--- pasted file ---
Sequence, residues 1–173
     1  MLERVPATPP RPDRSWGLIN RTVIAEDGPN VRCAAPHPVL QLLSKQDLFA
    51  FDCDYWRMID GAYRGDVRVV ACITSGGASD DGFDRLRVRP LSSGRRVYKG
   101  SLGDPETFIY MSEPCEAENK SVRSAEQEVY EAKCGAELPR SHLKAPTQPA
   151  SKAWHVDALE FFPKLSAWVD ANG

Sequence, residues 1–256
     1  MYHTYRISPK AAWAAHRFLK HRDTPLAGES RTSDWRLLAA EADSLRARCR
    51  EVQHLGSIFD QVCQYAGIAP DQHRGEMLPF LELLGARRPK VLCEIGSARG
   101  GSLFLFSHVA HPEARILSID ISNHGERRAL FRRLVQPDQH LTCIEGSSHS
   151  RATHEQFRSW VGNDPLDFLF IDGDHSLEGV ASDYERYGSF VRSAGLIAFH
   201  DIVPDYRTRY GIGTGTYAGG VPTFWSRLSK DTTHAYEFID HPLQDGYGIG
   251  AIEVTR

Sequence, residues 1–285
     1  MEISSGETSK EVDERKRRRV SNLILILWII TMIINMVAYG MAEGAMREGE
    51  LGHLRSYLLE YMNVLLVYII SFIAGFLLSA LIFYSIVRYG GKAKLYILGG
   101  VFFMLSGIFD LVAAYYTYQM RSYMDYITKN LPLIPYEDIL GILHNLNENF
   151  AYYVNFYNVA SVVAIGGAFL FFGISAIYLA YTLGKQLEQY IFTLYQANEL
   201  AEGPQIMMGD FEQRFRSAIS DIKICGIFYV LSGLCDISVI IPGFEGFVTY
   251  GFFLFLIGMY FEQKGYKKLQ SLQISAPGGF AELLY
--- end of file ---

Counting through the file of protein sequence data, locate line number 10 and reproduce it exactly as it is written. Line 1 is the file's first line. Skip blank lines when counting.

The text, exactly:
   151  RATHEQFRSW VGNDPLDFLF IDGDHSLEGV ASDYERYGSF VRSAGLIAFH